December 11, 2008
Why I continue to write about L.A.‘s Iranian Jews
My article in The Jewish Journal last week has sparked some interesting reactions from Los Angeles Iranian Jews who were not happy with the fact that I was giving coverage to an incident in the community which was a topic of controversy surrounding the Iranian American Jewish Federation (IAJF).
There are many in the community who support the IAJF and many who do not like the organization for whatever reason. As an unbias journalist from the community, I have no personal opinions of the IAJF either way but I find the overall reaction of the local Iranian Jewish community to my coverage of this unique story quite interesting. As a younger member of the community I often have to explain the importance of openness, free speech and accountability to the older generation of Jews who lived their entire lives often in fear as a religious minority under a less democratic monarchy in Iran. In opinion, it is a delicate balancing act
Some of the Iranian Jewish readers of the article asked me “why do you stir the pot when it comes to sensitive issues in the community?” and also “Why do you always have to air our dirty laundry to the rest of the world? Why do you portray us in a poor light and that make us embarrassed!”
My explanation has been simple—we as Iranian Jews living in Southern California and America do not live in a bubble unto ourselves! During the past several years the community has been going through a dramatic transformation and growth—with such changes often come conflicts and differences of opinions. We no longer live in fear in Iran where the authorities would come after us for speaking out about a whole host of topics. My journalistic work has been to give all sides of each story and allow the reader to make his or her decision. Has there been infighting among local Iranian Jewish groups as to leadership and religious issues? Yes. Is there a serious problem with drugs and violence among some local Iranian Jews? Yes. Are there some unscrupulous individuals in our community? Of course. But not openly discussing these hot button topics in a public forum or in the media will not make these problems go away. My goals as a journalist reporting on Iranian American Jews has been to act as a mirror onto the community and let them decide if and how they wish to make changes to what is going on around them. Someone needs to spark the conversation on these controversial topics—often times that person is the responsible journalist. How else will our community members realize that they need to address certain pressing issues?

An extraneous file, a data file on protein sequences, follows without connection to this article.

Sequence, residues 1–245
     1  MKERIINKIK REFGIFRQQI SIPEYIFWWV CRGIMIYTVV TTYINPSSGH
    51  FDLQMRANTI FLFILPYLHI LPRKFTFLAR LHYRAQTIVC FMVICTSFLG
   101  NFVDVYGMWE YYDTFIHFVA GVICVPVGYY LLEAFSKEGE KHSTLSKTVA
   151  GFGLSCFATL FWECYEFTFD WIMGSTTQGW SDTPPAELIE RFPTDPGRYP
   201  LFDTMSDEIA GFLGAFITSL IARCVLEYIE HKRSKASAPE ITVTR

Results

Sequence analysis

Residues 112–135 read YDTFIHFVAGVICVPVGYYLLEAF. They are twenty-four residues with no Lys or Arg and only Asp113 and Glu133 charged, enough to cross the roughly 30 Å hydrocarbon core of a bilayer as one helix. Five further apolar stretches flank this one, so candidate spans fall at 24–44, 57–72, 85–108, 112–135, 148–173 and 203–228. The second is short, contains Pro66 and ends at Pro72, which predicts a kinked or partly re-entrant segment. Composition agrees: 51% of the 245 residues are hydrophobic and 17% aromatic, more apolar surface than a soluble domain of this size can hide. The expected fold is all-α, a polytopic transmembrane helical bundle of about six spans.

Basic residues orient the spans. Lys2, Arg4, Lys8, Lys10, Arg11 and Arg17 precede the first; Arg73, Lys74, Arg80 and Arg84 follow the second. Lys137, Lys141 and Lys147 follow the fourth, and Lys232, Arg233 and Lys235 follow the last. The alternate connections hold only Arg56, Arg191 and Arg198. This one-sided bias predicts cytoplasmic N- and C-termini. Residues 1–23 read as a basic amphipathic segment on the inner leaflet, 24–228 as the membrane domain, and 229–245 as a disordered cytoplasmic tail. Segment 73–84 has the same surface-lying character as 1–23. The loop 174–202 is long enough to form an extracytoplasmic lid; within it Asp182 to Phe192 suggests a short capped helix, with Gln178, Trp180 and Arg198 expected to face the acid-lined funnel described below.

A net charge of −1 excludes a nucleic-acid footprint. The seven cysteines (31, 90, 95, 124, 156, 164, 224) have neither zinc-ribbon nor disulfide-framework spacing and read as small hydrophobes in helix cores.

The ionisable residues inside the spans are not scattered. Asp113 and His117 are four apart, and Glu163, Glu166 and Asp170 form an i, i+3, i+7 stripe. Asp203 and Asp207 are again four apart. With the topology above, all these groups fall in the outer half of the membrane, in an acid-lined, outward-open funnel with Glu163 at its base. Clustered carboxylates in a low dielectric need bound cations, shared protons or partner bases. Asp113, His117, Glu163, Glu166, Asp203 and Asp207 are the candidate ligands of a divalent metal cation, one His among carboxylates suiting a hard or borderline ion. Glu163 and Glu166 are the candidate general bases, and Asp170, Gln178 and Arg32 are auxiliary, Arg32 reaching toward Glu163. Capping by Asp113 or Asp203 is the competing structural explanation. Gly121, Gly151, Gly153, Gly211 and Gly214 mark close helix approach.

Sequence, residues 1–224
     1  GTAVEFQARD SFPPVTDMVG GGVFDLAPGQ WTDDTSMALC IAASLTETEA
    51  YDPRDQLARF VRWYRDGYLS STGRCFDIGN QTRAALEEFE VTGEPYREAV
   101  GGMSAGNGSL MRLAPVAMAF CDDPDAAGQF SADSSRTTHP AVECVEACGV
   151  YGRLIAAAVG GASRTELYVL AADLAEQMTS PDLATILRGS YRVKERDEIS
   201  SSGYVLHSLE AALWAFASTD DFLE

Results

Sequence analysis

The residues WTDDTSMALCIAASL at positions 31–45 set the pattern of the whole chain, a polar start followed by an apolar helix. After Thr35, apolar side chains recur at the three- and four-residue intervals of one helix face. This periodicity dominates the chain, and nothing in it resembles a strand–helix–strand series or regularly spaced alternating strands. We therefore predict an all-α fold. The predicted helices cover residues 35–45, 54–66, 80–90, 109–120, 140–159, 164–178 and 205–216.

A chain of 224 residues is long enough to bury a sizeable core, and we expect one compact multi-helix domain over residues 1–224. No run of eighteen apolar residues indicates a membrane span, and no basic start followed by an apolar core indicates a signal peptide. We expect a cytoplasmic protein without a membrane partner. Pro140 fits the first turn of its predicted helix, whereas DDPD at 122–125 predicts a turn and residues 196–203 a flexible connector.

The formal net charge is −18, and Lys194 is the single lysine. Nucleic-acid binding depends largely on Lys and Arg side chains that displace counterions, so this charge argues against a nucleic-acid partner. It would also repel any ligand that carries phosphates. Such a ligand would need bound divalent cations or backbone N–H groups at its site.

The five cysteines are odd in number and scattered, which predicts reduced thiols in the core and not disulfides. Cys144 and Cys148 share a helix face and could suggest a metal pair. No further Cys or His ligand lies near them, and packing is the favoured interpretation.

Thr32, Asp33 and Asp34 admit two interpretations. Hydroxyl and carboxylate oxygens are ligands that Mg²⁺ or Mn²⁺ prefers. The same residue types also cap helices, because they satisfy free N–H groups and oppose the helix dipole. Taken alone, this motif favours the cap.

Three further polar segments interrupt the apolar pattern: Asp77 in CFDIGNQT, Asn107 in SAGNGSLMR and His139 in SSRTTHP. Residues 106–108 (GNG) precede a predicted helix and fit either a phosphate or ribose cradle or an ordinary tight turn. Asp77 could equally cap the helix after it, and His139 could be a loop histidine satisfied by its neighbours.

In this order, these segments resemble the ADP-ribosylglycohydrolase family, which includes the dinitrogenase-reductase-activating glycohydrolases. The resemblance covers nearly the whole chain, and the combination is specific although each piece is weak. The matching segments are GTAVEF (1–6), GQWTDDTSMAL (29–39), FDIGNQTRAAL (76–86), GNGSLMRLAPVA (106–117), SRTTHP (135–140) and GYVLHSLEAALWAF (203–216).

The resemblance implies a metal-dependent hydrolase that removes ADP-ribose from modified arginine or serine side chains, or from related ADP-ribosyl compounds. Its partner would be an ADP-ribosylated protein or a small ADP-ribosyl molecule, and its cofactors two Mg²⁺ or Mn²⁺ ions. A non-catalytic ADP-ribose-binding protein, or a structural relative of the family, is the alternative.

So why do I continue my work as a journalist covering L.A.‘s Iranian Jews even though many of them do not want to hear the news which is often unpleasant? Well it’s because I feel a sense of responsibility to accurately share the views of many of my community members who do not speak English fluently, have a different culture and are still after 30 years trying to adapt to a new environment in the most dynamic democratic society in the world. I also delight in sharing the beauty of our traditions and success of our ancient Jewish community which is thriving as one of the most successful immigrant communities to America. Likewise in recent years I’ve found that other Jewish communities and groups in the U.S. have approached our insular community after learning about us through my articles! So it gives me pride and joy in seeing overall Jewish unity being advanced through my journalism. So yes, it is often very difficult to report on a community which does want to face the reality that they are changing and all the while live among them—but the rewards of writing about them are equally great.
To the younger generation of L.A.‘s Iranian Jews I only ask that you step up and participate in the community. Changes are coming gradually to us but without your productive involvement those changes will not be for the better.